Late last week, Bloomberg writers Elizabeth Elkin and Allison Smith reported that, "North American farmers could be looking at less expensive crop nutrients this year, potentially easing the pressure on food costs that have pushed up consumer prices."
This week, the Federal Reserve Banks of St. Louis, Kansas City and Minneapolis released updates regarding farm income, farmland values and agricultural credit conditions from the second quarter of 2019. And earlier this year, the Federal Reserve Bank of Dallas released its Agricultural Survey for the second quarter of 2019. Today’s update highlights core findings from the Fed reports.
Federal Reserve Bank of St. Louis
The Agricultural Finance Monitor stated on Thursday, “For the twenty-second consecutive quarter, a majority of bankers who responded to the survey reported a decline in farm income compared with the same period a year ago. It was the highest proportion of bankers reporting lower income since the first quarter of 2016 when considering all observed data.”
With respect to land values and cash rental rates, The Monitor noted that,
Values for farmland were reported 2.6 percent higher this quarter compared with a year ago. However, ranchland or pastureland values fell slightly, by 1.2 percent compared with a year ago. Cash rents for quality farmland in the second quarter fell 2.9 percent compared with a year ago, but in contrast, rents for ranchland or pastureland rose 4.3 percent.
The St. Louis Fed also indicated that, “Bankers reported that the rate of loan repayment fell during the second quarter compared with the same period last year. However, the increase in the diffusion index value from 67 for this quarter to 74 for the third quarter reflects some expected improvement in the rate of loan repayment.”
Federal Reserve Bank of Kansas City
Cortney Cowley and Ty Kreitman, writing in Thursday’s Ag Credit Survey from the Kansas City Fed, noted that, “Farm Income in the Tenth District remained weak in the second quarter, but the pace of decline slowed.”
“Following a nearly 20-year low in 2016, the pace of decrease in farm income has remained relatively stable since the end of 2017,” The Survey said. “Crop prices increased in the second quarter, and the United States Department of Agriculture announced a continuation of the Market Facilitation Program in 2019. These developments may have led to less pessimistic expectations about farm income in coming months.”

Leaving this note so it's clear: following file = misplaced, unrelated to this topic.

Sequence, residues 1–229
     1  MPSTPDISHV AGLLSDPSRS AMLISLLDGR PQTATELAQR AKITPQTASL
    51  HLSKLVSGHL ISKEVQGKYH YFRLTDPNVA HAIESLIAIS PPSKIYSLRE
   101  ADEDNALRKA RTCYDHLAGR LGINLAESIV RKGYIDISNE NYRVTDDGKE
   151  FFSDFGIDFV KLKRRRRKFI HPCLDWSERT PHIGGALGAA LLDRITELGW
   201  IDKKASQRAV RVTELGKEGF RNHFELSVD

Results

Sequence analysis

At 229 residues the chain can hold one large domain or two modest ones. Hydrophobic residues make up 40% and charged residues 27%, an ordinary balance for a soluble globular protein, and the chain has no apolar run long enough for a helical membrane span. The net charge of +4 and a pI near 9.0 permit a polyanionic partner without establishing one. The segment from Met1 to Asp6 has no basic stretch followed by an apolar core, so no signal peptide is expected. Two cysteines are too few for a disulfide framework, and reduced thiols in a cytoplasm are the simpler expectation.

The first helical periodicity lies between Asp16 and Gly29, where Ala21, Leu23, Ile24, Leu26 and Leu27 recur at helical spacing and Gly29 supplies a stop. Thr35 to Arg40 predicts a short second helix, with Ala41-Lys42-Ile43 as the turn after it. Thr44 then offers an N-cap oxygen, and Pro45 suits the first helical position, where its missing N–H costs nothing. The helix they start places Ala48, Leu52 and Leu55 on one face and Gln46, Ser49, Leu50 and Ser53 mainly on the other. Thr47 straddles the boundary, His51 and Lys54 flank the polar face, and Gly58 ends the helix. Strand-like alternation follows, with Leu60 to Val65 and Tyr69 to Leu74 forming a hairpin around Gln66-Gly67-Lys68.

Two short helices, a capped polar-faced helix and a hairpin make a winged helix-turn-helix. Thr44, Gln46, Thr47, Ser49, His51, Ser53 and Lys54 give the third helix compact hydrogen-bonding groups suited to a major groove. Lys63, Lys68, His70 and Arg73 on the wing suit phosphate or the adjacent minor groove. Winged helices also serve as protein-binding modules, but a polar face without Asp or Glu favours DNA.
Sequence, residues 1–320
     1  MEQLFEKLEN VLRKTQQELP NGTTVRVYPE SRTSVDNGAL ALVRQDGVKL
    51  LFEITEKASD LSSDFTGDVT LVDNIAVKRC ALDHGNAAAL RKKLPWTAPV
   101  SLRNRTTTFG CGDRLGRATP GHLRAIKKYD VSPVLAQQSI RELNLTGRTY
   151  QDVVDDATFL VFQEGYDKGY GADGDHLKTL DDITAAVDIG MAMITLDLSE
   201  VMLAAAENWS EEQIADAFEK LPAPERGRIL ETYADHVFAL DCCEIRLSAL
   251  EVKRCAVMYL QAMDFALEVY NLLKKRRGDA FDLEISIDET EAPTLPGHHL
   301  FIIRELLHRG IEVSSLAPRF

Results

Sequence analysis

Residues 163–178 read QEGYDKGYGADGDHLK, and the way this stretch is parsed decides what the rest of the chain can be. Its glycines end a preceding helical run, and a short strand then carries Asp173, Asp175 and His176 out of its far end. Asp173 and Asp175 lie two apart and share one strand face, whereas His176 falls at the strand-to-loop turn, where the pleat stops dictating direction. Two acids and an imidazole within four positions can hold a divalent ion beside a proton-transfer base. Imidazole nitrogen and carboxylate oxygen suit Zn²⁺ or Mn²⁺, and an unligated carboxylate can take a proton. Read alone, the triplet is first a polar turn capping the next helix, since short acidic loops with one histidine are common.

Thursday’s update stated that, “Similar to trends in farm income, the pace of decline in credit conditions also showed signs of stabilizing in the second quarter.”
Turning to land values, Cowley and Kreitman noted that, “Farm real estate values across the District were nearly unchanged from a year ago in the second quarter. The value of all types of farmland declined modestly in Nebraska and increased slightly in all other states except the Mountain States.”
The annual change in farm real estate values was also similar to other recent quarters. The value of all types of farmland in the Tenth District has held relatively steady despite downward pressure from weak farm finances and recent increases in interest rates. Compared with the preceding period of sharp increases in the value of all types farmland, the decline since 2015 has been modest.
In summary, Thursday’s report stated that, “Despite some signs of continued stress, the pace of deterioration in the farm economy in the Tenth District was expected to slow in the next three months. Higher corn prices and trade relief payments likely supported less pessimistic expectations for farm income and agricultural credit conditions.”
Federal Reserve Bank of Minneapolis
In this week’s Agricultural Credit Conditions Survey, the Minneapolis Fed noted that, “Farm incomes fell from April through June relative to a year earlier, according to results of the second-quarter (July) agricultural credit conditions survey. Spending on capital equipment and farm household purchases also decreased. Falling incomes pushed the rate of loan repayment down slightly, while renewals and extensions increased, though a majority of lenders reported that both were flat.
Respondents noted that cropland values generally increased slightly. Although the third-quarter outlook is for continued contraction, fewer respondents predicted decreases in income, capital expenditure, and household spending over the next three months than in the past three months.
The Fed update explained that, “Consistent with surveys in recent quarters, the second-quarter results generally pointed to a moderate decrease in land values. Cash rents for agricultural land also fell slightly. The average value for nonirrigated cropland in the district decreased by 1.7 percent from a year earlier, according to survey respondents. Irrigated land and ranchland values were nearly flat, with the former decreasing and the latter increasing less than half a percent. The district average cash rent for nonirrigated land decreased by less than 1 percent from a year ago, while rents for irrigated land fell more than 3 percent.”
Federal Reserve Bank of Dallas
Earlier this year, the Federal Reserve Bank of Dallas released its Agricultural Survey for the second quarter of 2019, which stated that, “Demand for agricultural loans plummeted, with the loan demand index falling to its lowest reading in six years. Loan renewals and extensions increased, and the rate of loan repayment continued to decline. With the exception of operating loans, loan volume fell across all major categories compared with a year ago.”
The Dallas Fed added that, “District ranchland and dryland values increased notably this quarter, while irrigated cropland values held steady.”
“The anticipated trend in farmland values index was mostly flat for a third consecutive quarter, suggesting respondents expect farmland values to hold steady,” The Survey said.